Mystic City has been described as X-Men meets Romeo and Juliet, a description which immediately made me sit up and eagerly wait for my copy to arrive, which I had arranged to buddy read with Faye at a DayDreamer’s Thoughts and Daphne from Winged Reviews.
Set in a world with magic, but where the mystics live in the poor Depths and have to drain their powers, Aria has trouble remembering recent events. After a Stic, mystical power used as a drug, overdose, she cannot remember her relationship with Thomas Foster. He is a member of the Foster family, her family’s biggest political rivals and enemies. She has purportedly been in a relationship with him in secret, before her overdose, and their love has bought the families together to unite for the first time.
The concept is very promising and starts well with the intrigue of Aria’s lost memory and her sudden engagement. I have to say I was a little sceptical straight away of her love for Thomas Foster though. I also loved the inclusion of magic in an unusual futuristic echo of Manhattan. I also found the concept of a sinking party, something Aria attends in the book, really compelling as the irony of cheering destruction seemed so perverse and we see this through Aria’s eyes, as she herself begin to question the practice.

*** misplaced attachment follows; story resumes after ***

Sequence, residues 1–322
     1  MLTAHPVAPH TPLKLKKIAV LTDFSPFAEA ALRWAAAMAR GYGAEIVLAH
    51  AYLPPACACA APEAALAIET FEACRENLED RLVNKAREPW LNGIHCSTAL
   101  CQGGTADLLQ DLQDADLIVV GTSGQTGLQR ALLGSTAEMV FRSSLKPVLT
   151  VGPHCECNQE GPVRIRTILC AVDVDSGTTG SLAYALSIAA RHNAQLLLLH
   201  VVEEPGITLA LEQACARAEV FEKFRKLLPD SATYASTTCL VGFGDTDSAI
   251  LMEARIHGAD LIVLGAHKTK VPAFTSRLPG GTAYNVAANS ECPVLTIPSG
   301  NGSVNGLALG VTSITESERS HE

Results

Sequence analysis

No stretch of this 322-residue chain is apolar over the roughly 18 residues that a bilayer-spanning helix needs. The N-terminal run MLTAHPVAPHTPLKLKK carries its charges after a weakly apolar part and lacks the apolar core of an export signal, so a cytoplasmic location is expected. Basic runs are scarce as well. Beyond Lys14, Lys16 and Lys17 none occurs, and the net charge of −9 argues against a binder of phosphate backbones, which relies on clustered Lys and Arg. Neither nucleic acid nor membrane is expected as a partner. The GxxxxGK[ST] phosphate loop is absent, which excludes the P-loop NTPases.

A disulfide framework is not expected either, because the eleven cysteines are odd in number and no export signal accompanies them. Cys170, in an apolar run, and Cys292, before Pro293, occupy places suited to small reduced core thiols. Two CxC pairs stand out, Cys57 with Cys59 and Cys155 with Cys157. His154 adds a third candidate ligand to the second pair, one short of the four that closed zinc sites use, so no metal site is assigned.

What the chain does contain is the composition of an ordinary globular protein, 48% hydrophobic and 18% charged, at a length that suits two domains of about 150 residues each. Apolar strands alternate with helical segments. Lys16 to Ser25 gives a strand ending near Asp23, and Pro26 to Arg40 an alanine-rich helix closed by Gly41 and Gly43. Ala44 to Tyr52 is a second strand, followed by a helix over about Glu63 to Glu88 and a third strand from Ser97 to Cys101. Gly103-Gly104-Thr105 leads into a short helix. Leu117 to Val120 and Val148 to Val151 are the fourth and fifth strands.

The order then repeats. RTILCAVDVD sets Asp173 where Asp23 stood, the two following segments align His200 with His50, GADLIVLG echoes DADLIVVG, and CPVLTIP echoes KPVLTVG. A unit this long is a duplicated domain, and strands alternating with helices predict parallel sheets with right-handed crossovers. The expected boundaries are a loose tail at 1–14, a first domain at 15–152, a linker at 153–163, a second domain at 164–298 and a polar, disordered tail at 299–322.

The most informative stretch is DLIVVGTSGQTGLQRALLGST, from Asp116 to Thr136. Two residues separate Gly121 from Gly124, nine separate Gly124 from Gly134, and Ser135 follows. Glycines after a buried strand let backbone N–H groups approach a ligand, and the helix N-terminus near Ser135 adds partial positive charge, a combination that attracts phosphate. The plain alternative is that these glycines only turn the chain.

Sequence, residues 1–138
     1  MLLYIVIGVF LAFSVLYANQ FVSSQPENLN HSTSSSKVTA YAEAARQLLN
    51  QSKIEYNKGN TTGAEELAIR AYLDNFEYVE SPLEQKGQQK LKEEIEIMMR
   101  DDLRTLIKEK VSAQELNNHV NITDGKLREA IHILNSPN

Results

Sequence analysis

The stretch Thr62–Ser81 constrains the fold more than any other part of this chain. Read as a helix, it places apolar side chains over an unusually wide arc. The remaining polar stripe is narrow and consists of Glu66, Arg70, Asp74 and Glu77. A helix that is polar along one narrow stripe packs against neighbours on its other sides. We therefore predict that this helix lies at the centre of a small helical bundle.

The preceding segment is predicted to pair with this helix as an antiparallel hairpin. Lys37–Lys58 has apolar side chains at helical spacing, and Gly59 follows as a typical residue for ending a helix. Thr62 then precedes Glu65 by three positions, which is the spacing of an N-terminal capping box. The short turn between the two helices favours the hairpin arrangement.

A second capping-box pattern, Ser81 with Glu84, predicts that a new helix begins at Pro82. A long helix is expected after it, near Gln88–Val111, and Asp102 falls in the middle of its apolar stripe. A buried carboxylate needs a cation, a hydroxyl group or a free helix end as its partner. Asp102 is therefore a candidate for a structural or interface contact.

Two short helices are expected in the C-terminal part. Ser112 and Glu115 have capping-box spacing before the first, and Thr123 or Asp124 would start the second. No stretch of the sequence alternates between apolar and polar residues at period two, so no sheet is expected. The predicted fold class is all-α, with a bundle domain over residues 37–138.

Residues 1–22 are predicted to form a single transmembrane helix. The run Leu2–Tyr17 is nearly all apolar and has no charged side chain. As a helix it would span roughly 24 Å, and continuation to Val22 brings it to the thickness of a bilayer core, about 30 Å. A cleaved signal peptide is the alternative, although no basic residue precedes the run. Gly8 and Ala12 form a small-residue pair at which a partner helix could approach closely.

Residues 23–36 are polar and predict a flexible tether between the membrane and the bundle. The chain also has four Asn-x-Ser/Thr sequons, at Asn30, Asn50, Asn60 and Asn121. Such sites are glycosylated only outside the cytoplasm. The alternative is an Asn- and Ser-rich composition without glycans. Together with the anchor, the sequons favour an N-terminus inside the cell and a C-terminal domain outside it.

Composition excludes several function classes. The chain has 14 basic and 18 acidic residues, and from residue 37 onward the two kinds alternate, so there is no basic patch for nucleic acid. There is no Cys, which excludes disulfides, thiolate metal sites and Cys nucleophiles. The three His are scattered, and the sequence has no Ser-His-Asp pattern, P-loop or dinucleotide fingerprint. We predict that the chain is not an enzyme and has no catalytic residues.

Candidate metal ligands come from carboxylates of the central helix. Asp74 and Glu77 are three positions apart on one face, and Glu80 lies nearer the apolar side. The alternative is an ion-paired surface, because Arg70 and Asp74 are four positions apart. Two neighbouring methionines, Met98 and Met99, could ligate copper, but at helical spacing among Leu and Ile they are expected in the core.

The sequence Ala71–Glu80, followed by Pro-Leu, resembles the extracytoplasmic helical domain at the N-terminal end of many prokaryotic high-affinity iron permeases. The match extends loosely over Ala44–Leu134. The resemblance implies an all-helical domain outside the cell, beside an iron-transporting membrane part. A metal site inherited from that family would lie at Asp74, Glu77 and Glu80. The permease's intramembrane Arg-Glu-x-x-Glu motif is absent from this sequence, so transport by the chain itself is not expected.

However, Mystic City ultimately didn’t grab me like I thought it would. While I read to the end and it was definitely readable, I found aspects very predictable; how her relationship with Mystic rebel Hunter developed for example and a twist about Aria’s life before the Stic. Also Aria is a hard character to relate to as she appeared very selfish at times. Over the course of the novel, Lawrence does develop Aria and we see that she is aware of the injustice for mystics and the role her family play in perpetuating this so that is a good aspect. Also I thought the influence of politics on Aria and her friends, Hunter and Thomas was another great thing in the novel. The Foster family and Aria’s family joining forces at the start and the political emphasis and importance on her relationship with Thomas and its manipulation for the media was a well-done driving force for Lawrence. As Aria herself is unsure of her feelings this definitely comes across to the reader, and I think this is why I was so sceptical from the start. To be told you’re in love with someone when you can’t remember ever having a real conversation with them would be difficult though and does make a great premise for a novel.
While Aria’s arc and the politics did interest me and keep me reading, I found that the romance aspect didn’t work for me, due to its predictability (but as it’s very Romeo and Juliet inspired and I’ve studied Shakespeare a lot over the years at school and uni it may be due to the trope itself rather than this individual book). I did like the concept of the world though and wish that it had been explored in more detail in places.
Dystopian fans and those who love a forbidden romance in their YA will, I expect, enjoy a lot about Mystic City. I received a free copy for reviewing purposes from the publishers, Random House Children’ Books. Mystic City is available now. I would also urge you if this book does intrigue to look at the lovely Laura at Sister Spooky’s review as she enjoyed it a lot and wrote a great, detailed review.